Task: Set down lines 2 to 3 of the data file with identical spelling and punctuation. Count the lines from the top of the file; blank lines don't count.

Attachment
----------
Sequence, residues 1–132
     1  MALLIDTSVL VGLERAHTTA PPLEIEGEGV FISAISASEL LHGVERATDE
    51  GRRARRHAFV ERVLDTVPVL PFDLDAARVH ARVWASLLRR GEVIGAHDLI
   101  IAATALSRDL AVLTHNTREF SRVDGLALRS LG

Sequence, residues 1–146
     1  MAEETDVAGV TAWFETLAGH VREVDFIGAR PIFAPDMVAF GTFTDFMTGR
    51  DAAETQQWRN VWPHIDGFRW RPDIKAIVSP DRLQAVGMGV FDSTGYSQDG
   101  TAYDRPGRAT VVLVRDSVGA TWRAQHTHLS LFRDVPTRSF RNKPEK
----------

     1  MALLIDTSVL VGLERAHTTA PPLEIEGEGV FISAISASEL LHGVERATDE
    51  GRRARRHAFV ERVLDTVPVL PFDLDAARVH ARVWASLLRR GEVIGAHDLI